High-dose rate (HDR) brachytherapy delivers high-doses of radiation to the tumor area from within the body or on the surface of the skin. It is administered through an applicator tube or thin catheter that is inserted into the body or through an applicator that sits on top of the skin.
This process delivers radiation for several minutes to the specific area where the cancer is located, sparing surrounding tissue. The radiation is removed from the body, unlike low-dose brachytherapy which may stay implanted.
Image-Guided Radiation Therapy (IGRT)
Image-Guided Radiation Therapy (IGRT) combines three-dimensional images, such as CT scans, with the precise technology of either 3-D or intensity-modulated radiation therapy (IMRT) to pinpoint and treat cancerous tumors. The images allow the cancer specialists to precisely localize the tumor each time radiation therapy is administered. This improves both accuracy of delivery and safety by reducing radiation exposure to other areas of the body including nearby tissue and organs. IGRT is used to treat tumors in areas of the body that are prone to movement, such as the lungs, liver, and prostate gland, as well as tumors located close to critical organs and tissues.
Intensity-Modulated Radiation Therapy (IMRT)
Intensity-modulated radiation therapy (IMRT) is an advanced form of external radiation treatment that allows precise targeting of tumor cells. The CT simulator localization scan or other three-dimensional images provide the radiation oncologist with an understanding of the shape and location of the tumor. With 3D planning, the radiation oncologist specifies the dose from various beams and sums up those doses to calculate the dose to tumor and normal tissue (forward planning). With IMRT, the radiation oncologist specifies the dose desired to give the tumor and the doses acceptable to the normal tissues (as low as possible). Then the computer system provides millions of alternative beam positions and the varying intensities of each beam, comparing one plan to the next until the best plan is identified. This is called inverse planning. Since each beam is broken up into many sub-beams of varying intensity the process is called intensity-modulated radiation.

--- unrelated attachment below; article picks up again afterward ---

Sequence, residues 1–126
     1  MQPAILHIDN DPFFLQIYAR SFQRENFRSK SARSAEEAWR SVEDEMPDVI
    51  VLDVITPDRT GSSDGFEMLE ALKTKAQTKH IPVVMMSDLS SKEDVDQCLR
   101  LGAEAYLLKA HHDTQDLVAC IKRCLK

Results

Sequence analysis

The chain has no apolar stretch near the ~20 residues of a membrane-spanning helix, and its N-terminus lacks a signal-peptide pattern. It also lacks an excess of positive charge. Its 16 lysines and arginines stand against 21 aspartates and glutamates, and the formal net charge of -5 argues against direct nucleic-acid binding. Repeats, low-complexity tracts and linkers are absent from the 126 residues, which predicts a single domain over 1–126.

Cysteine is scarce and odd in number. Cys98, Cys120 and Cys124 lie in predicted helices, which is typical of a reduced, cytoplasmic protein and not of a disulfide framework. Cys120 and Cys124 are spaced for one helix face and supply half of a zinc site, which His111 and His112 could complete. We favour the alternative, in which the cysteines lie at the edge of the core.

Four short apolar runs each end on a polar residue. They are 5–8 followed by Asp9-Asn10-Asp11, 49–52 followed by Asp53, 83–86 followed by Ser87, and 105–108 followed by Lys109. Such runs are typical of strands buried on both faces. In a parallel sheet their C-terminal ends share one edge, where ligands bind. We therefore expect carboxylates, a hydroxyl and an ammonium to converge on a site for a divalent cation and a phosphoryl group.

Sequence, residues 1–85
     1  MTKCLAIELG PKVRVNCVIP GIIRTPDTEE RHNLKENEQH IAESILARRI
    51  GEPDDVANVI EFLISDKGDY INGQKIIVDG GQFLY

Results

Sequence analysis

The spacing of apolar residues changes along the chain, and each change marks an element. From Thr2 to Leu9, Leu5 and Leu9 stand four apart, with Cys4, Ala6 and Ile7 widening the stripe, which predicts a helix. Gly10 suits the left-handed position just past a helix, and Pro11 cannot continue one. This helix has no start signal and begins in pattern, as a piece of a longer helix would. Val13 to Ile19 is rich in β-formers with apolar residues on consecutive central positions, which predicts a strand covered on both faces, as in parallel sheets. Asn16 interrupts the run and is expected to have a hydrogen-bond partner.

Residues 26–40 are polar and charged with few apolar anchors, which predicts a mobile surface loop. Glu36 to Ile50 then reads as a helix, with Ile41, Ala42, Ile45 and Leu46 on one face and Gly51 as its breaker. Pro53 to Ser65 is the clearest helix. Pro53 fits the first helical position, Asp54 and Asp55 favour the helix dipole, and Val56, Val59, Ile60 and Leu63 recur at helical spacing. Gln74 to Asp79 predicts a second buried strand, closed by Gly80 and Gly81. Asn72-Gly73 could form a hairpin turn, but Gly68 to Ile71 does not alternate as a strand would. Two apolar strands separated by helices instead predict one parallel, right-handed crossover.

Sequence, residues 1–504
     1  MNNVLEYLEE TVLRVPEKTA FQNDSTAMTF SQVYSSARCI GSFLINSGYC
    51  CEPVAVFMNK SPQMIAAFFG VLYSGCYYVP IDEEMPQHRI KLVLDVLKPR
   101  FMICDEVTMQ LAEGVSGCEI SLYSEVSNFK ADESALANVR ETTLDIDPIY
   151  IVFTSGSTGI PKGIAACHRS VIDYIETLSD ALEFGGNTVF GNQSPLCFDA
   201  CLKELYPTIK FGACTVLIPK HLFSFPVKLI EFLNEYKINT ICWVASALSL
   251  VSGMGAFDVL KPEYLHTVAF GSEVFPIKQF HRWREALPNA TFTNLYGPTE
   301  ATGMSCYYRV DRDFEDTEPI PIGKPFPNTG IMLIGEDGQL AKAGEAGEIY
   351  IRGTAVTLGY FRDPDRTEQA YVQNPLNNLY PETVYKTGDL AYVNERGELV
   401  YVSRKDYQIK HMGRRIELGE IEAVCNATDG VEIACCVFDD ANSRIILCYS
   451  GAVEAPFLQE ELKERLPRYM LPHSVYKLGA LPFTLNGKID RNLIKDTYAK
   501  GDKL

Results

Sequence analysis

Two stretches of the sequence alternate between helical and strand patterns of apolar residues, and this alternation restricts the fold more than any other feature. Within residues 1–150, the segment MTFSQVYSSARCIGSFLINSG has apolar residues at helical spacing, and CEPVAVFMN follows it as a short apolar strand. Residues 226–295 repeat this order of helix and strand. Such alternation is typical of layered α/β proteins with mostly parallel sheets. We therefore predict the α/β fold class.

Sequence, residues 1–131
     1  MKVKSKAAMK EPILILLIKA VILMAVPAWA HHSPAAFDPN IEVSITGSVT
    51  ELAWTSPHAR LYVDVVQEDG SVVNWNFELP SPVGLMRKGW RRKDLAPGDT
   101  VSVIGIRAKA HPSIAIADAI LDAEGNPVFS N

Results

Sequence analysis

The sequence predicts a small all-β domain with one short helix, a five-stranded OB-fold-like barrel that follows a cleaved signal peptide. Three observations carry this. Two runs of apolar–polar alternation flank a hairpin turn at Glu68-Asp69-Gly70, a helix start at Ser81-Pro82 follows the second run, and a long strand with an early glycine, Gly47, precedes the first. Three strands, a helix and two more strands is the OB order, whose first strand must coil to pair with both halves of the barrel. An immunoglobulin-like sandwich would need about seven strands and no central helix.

Stereotactic Body Radiation Therapy (SBRT)
Stereotactic body radiotherapy (SBRT), also known as stereotactic ablative body radiation (SABR), is an advanced type of radiation therapy that delivers high doses of radiation using several beams of varying intensity aimed at a very targeted area of the body. Due to the high intensity of the radiation dose, only one to five doses are given over a single day., Treatment can take up to a week and a half when the five treatments are given every other day. Three-dimensional images, such as CT or MRI scans, are used in the simulation process to direct the beams precisely while reducing radiation exposure to other areas of the body. Patients with small, well-defined tumors who cannot tolerate surgery are good candidates for SBRT.
Stereotactic Radiosurgery (SRS)
Stereotactic radiosurgery (SRS) is a type of stereotactic radiation therapy that can be used in place of or in conjunction with surgery for single tumors that have spread to the brain. It is given in one session, although the treatment can be repeated if necessary. There are two possible SRS treatments. In one, a machine focuses approximately 200 beams of radiation on the tumor from different angles while the patient’s head is kept in the same position. In the other version, a computer-controlled linear accelerator moves around the patient’s head to deliver radiation to the tumor from different angles.
Volumetric Arc Therapy (VMAT)
Volumetric arc therapy (VMAT) is an advanced form of IMRT that allows a targeted, three-dimensional dose of radiation to be delivered directly to a tumor. The machine that delivers radiation can deliver the dose to the entire tumor in a 360-degree rotation, up to eight times faster than IMRT alone.
The patient portal allows patients to manage their personal health information electronically at their own convenience.